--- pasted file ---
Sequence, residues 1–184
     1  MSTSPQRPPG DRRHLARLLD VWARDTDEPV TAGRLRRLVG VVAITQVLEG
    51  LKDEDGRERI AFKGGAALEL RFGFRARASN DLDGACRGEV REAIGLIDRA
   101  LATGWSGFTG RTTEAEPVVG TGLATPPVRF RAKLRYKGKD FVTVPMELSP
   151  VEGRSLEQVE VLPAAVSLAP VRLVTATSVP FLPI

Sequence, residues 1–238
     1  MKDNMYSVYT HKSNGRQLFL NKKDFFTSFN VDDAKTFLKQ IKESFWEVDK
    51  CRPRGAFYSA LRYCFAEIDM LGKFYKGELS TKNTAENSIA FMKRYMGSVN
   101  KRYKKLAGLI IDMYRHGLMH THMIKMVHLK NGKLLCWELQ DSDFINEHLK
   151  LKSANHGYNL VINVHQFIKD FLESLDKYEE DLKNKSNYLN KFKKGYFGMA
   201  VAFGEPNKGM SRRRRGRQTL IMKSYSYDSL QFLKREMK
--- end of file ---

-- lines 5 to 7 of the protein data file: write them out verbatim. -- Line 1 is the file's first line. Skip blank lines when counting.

   151  VEGRSLEQVE VLPAAVSLAP VRLVTATSVP FLPI

Sequence, residues 1–238
     1  MKDNMYSVYT HKSNGRQLFL NKKDFFTSFN VDDAKTFLKQ IKESFWEVDK